Next week I present at a conference in Anaheim and I’m thrilled. Seriously. It’s new material about leadership – whereas many of my presentations have been subject-matter specific about writing and communication – so this feels like a big deal.
Truth be told, it doesn’t just feel like a big deal, but it is a big deal because I’m talking to a bunch of strangers about something I value with my whole heart. Public speaking is a cakewalk if there’s nothing at stake: If you’re not invested, you’ve got nothing to lose. This time, I am invested, and it feels jangly in the best way.
But flash back to last week. I wasn’t yet thinking about the presentation. Life felt more like a slog. I was wrangling a few deadlines and in the weeds with tough projects, and I couldn’t see past the horizon of the next day.
Then, offhandedly, a friend said that our goals should be thrilling and not even realistic.
I think I responded with, “Uuuh, what?”
Have you been there? It happens to me in the middle of projects. I lose the momentum of the beginning, when everything’s fresh and shiny and new. I can channel the discipline to make my way through the harder work, but I don’t feel the excitement anymore.
What is thrilling to you? Is there something thrilling, even unrealistic, in your future?
In addition to speaking, hitting “publish” on my blog each week is thrilling in a similar, smaller way. I have a sense of freedom and accomplishment on Sunday afternoons like nothing else. What both speaking and writing have in common is that I’m using my voice.
Saying the brave thing, the bold thing, the true thing, or expressing what’s in my heart, well, that thrills me every time. It requires risk but also demands hard-earned mastery. (Not complete, total, I-have-nothing-more-to-learn mastery, but confidence that I have put in the work to be able to express myself with skill.)
It has taken me a looooooong time to get here, let me tell you. It hasn’t been easy to determine how to use my voice with responsibility and love.
The journey required a layover at a place called “Learn to Keep Your Mouth Shut.” Picture an airport gate with tons of bedraggled and defeated people sitting on their hands and pursing their lips together, practicing minding their own business, while the rest of the world goes about their ordinary lives.
Some of us have short layovers at this gate, and some of us are required to stay here for a tad more time . . . like 10 years. In fact, I lived at Learn to Keep Your Mouth Shut for so long that I’d almost forgotten I was waiting for a plane to whisk me to a new destination.
But there were important lessons I needed to absorb. I didn’t understand the difference between using my voice to further my own agenda and controlling someone else’s. I couldn’t differentiate between when it was my turn to speak, and when it was my job to listen.
But eventually, in this layover home, I developed new skills that I cherish today. For example, I can create safety and community for others. I can be patient. I can listen with empathy and understanding when you tell me your life’s story. I can be a champion of where you want to go. And I can let you make your own mistakes and figure out how to fix them all by yourself.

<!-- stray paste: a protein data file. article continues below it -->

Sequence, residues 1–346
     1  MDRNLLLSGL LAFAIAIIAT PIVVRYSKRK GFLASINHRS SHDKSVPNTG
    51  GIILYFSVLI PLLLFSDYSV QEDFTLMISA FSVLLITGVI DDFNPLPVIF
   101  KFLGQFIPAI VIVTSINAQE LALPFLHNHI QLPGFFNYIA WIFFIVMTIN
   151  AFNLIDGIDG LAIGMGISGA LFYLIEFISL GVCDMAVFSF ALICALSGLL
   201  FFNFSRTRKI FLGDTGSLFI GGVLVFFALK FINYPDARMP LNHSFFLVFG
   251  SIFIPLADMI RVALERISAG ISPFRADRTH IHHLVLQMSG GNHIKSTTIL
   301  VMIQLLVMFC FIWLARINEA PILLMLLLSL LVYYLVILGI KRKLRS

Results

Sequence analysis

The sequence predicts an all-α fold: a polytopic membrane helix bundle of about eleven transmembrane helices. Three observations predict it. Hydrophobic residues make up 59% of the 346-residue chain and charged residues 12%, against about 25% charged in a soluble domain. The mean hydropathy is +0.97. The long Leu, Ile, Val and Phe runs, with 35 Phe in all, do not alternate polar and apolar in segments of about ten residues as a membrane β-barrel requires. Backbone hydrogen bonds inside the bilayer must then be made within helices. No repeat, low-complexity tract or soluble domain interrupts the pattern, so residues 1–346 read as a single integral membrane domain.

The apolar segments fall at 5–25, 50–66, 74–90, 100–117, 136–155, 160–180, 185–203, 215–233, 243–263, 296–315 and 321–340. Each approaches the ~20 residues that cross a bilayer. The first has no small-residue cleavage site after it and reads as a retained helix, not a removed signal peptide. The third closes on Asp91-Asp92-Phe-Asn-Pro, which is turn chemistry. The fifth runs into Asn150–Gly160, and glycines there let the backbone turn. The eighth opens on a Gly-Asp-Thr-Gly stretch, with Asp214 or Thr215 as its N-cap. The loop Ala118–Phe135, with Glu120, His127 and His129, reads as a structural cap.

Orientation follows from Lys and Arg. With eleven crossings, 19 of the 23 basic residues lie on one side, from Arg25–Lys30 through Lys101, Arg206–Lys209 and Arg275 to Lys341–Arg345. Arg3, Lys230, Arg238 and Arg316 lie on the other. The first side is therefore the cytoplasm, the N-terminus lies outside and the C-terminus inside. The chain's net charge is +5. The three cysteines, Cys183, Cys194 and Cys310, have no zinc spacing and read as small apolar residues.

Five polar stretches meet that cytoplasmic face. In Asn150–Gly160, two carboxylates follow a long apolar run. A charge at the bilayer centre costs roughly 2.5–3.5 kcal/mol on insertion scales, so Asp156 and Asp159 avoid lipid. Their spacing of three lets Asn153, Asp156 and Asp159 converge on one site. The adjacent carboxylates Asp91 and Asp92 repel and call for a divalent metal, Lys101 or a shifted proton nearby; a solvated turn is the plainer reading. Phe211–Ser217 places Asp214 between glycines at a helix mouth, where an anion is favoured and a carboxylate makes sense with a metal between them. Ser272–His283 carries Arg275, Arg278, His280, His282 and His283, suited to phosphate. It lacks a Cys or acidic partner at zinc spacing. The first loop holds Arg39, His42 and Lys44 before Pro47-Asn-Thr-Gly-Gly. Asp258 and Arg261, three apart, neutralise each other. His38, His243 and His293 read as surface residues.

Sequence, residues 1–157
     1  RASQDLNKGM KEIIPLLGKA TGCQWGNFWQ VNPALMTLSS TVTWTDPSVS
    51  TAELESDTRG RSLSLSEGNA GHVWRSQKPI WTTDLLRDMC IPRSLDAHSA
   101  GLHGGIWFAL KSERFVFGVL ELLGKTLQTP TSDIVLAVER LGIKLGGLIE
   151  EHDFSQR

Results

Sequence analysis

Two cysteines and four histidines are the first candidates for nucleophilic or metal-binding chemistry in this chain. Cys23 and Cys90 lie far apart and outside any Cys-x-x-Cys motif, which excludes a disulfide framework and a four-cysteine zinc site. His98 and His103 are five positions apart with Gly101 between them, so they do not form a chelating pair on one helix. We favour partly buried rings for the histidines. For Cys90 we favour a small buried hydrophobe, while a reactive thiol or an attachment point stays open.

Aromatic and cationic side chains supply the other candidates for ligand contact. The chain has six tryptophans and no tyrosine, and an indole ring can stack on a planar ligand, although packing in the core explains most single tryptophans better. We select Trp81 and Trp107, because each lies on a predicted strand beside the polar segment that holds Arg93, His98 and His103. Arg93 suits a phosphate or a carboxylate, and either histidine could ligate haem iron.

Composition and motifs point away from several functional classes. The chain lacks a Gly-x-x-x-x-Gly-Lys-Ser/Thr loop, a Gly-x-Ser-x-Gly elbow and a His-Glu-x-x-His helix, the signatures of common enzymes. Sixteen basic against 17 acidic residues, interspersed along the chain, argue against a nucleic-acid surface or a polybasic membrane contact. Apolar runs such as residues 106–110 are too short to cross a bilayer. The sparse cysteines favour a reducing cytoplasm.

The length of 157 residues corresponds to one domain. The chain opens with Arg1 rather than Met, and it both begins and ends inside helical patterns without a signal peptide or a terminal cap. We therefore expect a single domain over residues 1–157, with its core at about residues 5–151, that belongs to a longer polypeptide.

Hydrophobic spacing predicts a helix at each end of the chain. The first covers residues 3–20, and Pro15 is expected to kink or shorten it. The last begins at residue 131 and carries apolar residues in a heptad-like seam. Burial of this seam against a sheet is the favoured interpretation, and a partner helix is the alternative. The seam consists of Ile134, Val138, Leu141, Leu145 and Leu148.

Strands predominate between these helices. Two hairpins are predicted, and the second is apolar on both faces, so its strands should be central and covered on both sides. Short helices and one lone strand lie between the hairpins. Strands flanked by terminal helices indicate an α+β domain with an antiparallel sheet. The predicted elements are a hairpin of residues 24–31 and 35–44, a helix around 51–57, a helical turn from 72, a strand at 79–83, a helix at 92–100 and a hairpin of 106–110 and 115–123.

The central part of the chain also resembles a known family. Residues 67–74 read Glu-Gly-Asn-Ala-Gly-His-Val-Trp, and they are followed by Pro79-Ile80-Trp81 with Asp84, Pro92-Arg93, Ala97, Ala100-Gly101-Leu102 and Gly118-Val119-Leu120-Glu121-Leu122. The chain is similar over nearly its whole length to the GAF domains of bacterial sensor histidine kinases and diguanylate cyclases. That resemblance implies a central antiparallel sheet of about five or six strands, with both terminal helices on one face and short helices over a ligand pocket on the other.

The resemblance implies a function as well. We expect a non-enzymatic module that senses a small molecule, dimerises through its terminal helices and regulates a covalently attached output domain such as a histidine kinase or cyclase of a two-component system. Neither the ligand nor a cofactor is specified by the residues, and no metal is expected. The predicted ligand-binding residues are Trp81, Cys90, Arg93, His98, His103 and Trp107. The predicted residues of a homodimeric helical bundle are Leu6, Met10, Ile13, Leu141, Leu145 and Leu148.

I’m not perfect at the skills above, but I’m much, much better at them, and I love this about myself. And yet, at some point, I got really comfy at this gate, like it was my final destination and permanent home. I wasn’t on the line for much, if anything, and that can be an alluring lifestyle. I was quiet and playing it safe. Eventually, it was time to gather my belongings and move on.
Listen. Here’s the deal. You must do what thrills you. That is what you must do. And you must learn how to do it with mastery so that you do not act impulsively and ruin your life, or someone else’s, while seeking thrills you’ll later regret.
This past week, I asked people what was thrilling to them because I was curious about others’ experiences in contrast to my own. Answers included running a 200-mile ultra-marathon, competing in Brazilian jiu-jitsu, going back to school, launching a new career, and getting a behind-the-scenes look at how things work, like companies or new technologies.
Telling someone how you feel – that you love them or where to get off (hey, we’re only human) – was also a big theme.
What the ideas seem to share is a sense of pushing, or stretching, into new spaces, whether physically, intellectually, creatively, or emotionally. My other realization was this: When you are doing what you’re supposed to do, fulfilling your deepest desires in life, you can channel a sense of thrill even on the less exciting days.
But what about the times when life is just too much? When “thrill” has tipped into “overwhelm”? You’re exhausted and hurt. You feel like your brain and heart are permanently broken. You’re frustrated, irritated, and just need a break. I know more than several people experiencing this right now.
Take one. Take a break. This is also what you are supposed to do. You won’t be in this place forever: It’s your layover home.
When you’re ready, when it’s time, the question of what thrills you will be waiting. You will own your new wisdom and experience. And you will get on the stage, or into the canoe, or over the mountain, ready to conquer the next adventure.
NEXT EPISODE: Read about the girl who sat in the back seat but insisted that she tell every driver where to go. Oh yeah, that girl.